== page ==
Final elections commission figures showed the constitution adopted with 63.8 percent of the vote in the referendum held over two days this month, giving Mursi's Islamists their third straight electoral victory since veteran autocrat Hosni Mubarak was toppled in a 2011 revolution.
Opposition groups had taken to the streets to block what they see as a move to ram through a charter that mixes politics and religion dangerously and ignores the rights of minorities.
Mursi says the text - Egypt's first constitution since Mubarak's fall - offers enough protection for minorities, and adopting it quickly is necessary to end two years of turmoil and political uncertainty that has wrecked the economy.
"I hope all national powers will now start working together now to build a new Egypt," Murad Ali, a senior official in the Muslim Brotherhood's Freedom and Justice Party, told Reuters.
"I see this as the best constitution in Egypt's history."
In a sign that weeks of unrest have taken a further toll on the economy, the government ordered new restrictions on foreign currency apparently designed to prevent capital flight. Leaving or entering with more than $10,000 cash is now banned.
Two years since waves of unrest broke out across the Middle East and North Africa - sweeping away long-entrenched rulers in Tunisia, Libya and Yemen as well as Egypt - well-organised Islamist parties have emerged as the main beneficiaries.
Urban secularists and liberals who were behind the revolts complain that their success has been hijacked.
"We need a better constitution," said Khaled Dawood, an opposition spokesman. "It does not represent all Egyptians."
Mursi's opponents say the new constitution could allow clerics to intervene in lawmaking, while offering scant protections to minorities and women. Mursi dismisses those criticisms, and many Egyptians are fed up with street protest movements that have prevented a return to normality.
Immediately after the announcement, a small group of protesters set tyres on fire and blocked traffic near the central Tahrir square, the cradle of Egypt's uprising, but there were no immediate signs of violence or major demonstrations.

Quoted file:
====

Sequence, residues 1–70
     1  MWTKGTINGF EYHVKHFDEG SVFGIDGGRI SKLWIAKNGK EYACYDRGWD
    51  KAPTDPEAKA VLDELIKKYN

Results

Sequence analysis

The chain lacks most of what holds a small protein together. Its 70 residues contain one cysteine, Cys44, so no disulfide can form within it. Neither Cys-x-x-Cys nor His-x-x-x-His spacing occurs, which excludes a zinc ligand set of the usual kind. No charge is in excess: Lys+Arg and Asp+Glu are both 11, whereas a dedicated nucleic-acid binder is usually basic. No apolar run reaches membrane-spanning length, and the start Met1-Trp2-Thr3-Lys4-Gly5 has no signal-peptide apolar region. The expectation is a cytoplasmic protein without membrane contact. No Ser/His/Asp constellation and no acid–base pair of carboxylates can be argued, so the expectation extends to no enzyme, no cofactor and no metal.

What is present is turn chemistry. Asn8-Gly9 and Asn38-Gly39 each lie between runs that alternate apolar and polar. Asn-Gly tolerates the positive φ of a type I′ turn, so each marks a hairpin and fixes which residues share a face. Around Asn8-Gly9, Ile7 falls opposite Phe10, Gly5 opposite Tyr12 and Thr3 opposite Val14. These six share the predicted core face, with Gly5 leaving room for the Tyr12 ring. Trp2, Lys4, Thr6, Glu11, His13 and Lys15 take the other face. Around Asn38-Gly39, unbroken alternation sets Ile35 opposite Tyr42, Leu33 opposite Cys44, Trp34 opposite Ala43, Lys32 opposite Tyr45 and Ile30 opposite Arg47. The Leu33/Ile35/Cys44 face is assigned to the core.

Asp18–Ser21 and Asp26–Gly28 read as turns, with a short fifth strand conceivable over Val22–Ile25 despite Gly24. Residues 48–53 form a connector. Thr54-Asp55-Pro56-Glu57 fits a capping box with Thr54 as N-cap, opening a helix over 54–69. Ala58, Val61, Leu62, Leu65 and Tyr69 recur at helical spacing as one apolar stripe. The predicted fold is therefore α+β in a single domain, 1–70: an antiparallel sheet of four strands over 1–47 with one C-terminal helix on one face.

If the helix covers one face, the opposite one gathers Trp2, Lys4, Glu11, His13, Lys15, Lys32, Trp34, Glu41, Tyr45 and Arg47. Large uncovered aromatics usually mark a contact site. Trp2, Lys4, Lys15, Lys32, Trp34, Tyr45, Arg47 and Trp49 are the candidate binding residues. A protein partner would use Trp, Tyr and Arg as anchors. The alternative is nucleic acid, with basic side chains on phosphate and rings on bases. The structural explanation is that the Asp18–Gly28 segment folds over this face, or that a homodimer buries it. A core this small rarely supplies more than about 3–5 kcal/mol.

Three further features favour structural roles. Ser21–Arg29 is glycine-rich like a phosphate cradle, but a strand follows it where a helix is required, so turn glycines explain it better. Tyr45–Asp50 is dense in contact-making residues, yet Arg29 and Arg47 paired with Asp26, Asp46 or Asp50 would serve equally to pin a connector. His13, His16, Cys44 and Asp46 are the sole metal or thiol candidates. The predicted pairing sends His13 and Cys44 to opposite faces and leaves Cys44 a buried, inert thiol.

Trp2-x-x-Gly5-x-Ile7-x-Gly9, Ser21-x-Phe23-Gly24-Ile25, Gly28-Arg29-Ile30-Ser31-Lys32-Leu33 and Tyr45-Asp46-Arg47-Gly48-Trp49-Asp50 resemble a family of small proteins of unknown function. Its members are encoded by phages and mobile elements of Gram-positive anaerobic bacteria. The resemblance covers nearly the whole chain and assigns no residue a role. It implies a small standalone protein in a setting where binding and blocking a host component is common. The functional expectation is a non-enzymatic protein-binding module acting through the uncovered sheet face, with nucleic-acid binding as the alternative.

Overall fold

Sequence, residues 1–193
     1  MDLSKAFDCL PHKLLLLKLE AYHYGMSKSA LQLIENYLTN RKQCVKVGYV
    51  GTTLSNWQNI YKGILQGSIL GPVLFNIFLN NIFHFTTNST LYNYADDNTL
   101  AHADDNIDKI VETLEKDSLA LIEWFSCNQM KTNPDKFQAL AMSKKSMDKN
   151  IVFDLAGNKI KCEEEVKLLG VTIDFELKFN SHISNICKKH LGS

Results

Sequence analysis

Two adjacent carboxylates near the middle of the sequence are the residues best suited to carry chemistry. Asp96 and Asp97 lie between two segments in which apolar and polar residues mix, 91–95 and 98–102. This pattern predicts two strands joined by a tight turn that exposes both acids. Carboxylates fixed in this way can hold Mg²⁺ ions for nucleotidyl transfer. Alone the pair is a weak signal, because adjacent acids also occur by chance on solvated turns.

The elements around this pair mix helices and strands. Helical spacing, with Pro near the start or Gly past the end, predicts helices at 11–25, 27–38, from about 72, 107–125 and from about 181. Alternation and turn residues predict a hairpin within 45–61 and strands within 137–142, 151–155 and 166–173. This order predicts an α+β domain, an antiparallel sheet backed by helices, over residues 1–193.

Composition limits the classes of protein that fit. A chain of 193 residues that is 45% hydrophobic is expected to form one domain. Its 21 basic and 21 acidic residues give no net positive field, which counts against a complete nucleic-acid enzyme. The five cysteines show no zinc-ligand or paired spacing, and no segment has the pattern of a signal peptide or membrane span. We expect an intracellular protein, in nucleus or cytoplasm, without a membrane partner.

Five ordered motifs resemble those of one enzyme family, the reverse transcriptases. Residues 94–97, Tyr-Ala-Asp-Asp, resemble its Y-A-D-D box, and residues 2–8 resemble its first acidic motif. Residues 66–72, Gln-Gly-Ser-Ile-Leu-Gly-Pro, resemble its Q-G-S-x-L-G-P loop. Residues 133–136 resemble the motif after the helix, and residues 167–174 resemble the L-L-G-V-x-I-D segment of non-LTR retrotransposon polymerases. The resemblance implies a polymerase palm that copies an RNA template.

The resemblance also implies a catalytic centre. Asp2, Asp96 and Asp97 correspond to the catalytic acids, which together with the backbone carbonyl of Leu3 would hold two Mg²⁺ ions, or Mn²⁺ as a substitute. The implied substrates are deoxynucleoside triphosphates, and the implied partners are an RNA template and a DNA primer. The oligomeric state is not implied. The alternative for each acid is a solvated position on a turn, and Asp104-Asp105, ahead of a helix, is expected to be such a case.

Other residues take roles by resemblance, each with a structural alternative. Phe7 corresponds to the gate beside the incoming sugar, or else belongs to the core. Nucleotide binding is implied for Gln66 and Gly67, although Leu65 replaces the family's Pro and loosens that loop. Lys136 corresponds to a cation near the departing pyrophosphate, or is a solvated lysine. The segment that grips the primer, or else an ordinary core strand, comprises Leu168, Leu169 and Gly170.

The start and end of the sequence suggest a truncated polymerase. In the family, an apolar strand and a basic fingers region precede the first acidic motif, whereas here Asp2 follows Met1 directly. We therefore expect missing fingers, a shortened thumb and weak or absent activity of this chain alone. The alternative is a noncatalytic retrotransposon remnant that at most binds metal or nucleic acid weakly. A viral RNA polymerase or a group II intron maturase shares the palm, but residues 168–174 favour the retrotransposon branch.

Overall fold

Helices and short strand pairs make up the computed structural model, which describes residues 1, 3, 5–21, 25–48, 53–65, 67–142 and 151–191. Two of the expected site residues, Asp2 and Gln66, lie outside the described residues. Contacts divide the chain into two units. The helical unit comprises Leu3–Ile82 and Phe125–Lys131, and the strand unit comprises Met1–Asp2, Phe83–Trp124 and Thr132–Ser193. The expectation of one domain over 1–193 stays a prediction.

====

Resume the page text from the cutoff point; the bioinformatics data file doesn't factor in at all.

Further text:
Washington, which provides billions of dollars a year in military and other support for Egypt and regards it as a pillar of security in the Middle East, called on Egyptian politicians to bridge divisions and on all sides to reject violence.
"President Mursi, as the democratically elected leader of Egypt, has a special responsibility to move forward in a way that recognises the urgent need to bridge divisions," State Department spokesman Patrick Ventrell said. He noted that many Egyptians had voiced "significant concerns" over the constitutional process.
The government says its opponents are worsening the economic crisis by prolonging political upheaval. It has pledged to impose unpopular tax increases and spending cuts to win a loan package from the International Monetary Fund.
The ban on travelling with more than $10,000 in cash followed a pledge by the central bank to take unspecified measures to protect Egyptian banks. Some Egyptians have begun withdrawing their savings in fear of more restrictions.
"I am not going to put any more money in the bank and neither will many of the people I know," said Ayman Osama, father of two young children.
He said he had taken out the equivalent of about $16,000 from his account this week and planned to withdraw more, adding that he had also told his wife to buy more gold jewellery.
The "yes" vote paves the way for a parliamentary election in about two months, setting the stage for another battle between surging Islamists and their fractious opponents.
The final result, announced by the election commission, matched - to the last decimal place - an earlier unofficial tally announced by Mursi's Muslim Brotherhood.
But the opposition said it was disappointed - it had appealed for the result to be amended to reflect what it described as major vote violations during the two-round vote.
Officials said there were no violations serious enough to change the result significantly. "We have seriously investigated all the complaints," said judge Samir Abu el-Matti of the Supreme Election Committee. The final turnout was 32.9 percent.
SENSE OF CRISIS
The referendum has sharpened painful divisions in the Arab world's most populous nation and a growing atmosphere of crisis has gripped Egypt's polarised society.
Anxiety about the economy deepened this week when Standard and Poor's cut Egypt's long-term credit rating. Prime Minister Hisham Kandil told the nation of 83 million on Tuesday the government was committed to fixing the economy.
"The main goals that the government is working towards now is plugging the budget deficit, and working on increasing growth to boost employment rates, curb inflation, and increase the competitiveness of Egyptian exports," he said.
The referendum follows Islamist victories in parliamentary and presidential elections, representing a decisive shift in a country at the heart of the Arab world where Mursi's Muslim Brotherhood was suppressed for generations by military rulers.
However, secularist and liberal opposition members hope they can organise better in time for the next parliamentary vote.
Hossam El-Din Ali, a 35-year-old newspaper vendor in central Cairo, said he agreed the new constitution would help bring some political stability but like many others he feared the possible economic austerity measures lying ahead.
"People don't want higher prices. People are upset about this," he said. "There is recession, things are not moving. But I am wishing for the best, God willing."